Print Page | Contact Us | Sign In
News & Press: National

AAP commits to develop Clinical Health Information and Longitudinal Data Registry (CHILD)

Monday, November 27, 2017   (0 Comments)
Share |

The Academy has set sail to be the first entity to collect, store and analyze health data on all U.S. children. The board agreed to commit $583,000 in resources from the Tomorrow’s Children Endowment to begin development of a child health clinical data registry, which is expected to unfold over five years. This unprecedented initiative, called Clinical Health Information and Longitudinal Data Registry (CHILD), is the outgrowth of two strategic plan objectives:

  • Use data and metrics to develop and priori­tize areas of need for child health policies.
  • Provide state-of-the-art pediatric practice information in the context of a changing industry and professional landscape.

Data would be captured through electronic health records, integrated health care systems, payers and existing pediatric disease registries. Data elements would include well-child and sick visits, chronic disease diagnosis and management, specialty care, and developmental and behavioral care. The registry also would include a patient portal to allow parents and patients to input data, while alleviating complications surrounding privacy laws.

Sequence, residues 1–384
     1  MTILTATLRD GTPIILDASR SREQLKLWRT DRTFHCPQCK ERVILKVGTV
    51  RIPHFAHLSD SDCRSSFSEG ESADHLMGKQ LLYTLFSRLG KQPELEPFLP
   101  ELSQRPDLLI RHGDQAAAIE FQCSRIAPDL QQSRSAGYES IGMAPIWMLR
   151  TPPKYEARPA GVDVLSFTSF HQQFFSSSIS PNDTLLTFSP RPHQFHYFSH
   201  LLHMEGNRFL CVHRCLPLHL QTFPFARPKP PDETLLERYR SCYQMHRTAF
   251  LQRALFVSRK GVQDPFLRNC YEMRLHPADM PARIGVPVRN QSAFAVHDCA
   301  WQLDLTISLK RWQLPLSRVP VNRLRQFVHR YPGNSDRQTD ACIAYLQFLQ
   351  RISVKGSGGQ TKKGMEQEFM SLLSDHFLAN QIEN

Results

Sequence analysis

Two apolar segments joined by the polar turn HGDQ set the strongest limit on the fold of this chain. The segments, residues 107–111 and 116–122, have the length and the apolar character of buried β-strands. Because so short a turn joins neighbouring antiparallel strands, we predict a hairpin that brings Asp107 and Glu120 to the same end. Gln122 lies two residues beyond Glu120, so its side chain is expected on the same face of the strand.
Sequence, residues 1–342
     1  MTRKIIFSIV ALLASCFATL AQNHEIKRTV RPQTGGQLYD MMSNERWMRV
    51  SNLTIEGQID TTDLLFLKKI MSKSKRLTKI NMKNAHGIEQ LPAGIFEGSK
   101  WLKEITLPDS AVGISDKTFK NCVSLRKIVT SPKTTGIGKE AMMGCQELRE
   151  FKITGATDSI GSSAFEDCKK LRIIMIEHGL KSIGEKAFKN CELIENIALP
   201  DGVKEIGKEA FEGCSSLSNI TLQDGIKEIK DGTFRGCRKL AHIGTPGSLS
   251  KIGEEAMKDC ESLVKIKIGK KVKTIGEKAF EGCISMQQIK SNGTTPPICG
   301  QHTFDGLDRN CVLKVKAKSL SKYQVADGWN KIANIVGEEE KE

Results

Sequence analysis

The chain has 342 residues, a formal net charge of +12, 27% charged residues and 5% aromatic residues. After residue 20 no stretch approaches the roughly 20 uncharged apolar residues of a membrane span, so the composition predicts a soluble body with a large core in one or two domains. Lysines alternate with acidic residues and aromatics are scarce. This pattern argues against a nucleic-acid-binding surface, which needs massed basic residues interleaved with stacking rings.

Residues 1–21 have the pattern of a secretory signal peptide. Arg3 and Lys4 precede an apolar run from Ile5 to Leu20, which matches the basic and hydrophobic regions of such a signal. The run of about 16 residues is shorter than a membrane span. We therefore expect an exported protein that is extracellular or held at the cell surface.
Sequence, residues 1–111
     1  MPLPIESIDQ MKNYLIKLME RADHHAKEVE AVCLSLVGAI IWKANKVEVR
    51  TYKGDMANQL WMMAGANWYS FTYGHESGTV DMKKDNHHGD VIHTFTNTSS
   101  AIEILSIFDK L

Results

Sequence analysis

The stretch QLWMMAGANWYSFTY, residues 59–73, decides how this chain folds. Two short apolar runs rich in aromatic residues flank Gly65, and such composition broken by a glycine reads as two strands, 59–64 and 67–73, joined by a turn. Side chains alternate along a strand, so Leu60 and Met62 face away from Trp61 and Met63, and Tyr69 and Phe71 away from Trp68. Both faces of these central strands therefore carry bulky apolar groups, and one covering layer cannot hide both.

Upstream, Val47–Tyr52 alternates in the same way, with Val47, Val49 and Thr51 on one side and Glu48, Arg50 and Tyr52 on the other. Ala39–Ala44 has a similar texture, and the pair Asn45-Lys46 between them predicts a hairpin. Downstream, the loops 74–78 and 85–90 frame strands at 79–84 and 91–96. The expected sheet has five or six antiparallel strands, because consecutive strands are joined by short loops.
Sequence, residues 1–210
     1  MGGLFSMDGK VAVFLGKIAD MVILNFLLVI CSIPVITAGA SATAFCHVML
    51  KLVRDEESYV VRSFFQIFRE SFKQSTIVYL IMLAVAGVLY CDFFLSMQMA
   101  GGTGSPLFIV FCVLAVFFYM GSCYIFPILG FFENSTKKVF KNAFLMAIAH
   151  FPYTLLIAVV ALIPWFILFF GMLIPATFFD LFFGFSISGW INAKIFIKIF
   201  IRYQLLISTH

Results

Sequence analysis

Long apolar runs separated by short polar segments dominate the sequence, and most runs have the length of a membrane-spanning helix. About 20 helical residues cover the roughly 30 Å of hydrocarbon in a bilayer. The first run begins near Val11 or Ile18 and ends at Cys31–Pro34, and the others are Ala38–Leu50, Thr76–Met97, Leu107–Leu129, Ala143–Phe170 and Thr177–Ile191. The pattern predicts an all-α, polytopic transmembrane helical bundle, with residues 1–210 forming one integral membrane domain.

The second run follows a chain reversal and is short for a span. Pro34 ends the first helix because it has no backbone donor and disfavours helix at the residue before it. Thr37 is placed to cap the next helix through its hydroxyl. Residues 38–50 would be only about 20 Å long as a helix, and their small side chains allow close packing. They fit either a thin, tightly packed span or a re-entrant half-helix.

Christoph U. Lehmann, M.D., FAAP, medical director of the AAP Child Health Informatics Center, and professor of pediatrics and biomedical informatics, Department of Medicine, Vanderbilt University School of Medicine, presented project details to the board, including the following primary goals:

  • Create substantial improvements in child health and well-being.
  • Accelerate advances in child health.
  • Improve outcomes for children using data.
  • Demonstrate the trajectory of child health through adulthood.

Among the benefits of this registry, Dr. Lehmann said, are tracking childhood health and illness trends, which would help draw conclusions on a number of areas, including gaps in care, treatment options and regional variations in care. The data also will help inform the creation of AAP guidelines and policies, and provide guidance to payers.

Members could use the data to help create reports for quality improvement projects, as well as for meaningful use and Maintenance of Certification, Dr. Lehmann said.

Emphasizing data privacy and security, he said pediatricians will own their data and give permission for data to be distributed and reported. Protected health information will be stored separately from clinical data. Access to data will be tiered based on permission level.

A work group will be established to provide clinical direction for registry development, assist in the development of a sound business plan and define the purpose of the registry.


Source: AAP News, November 21, 2017, Anne HeglandEditor in Chief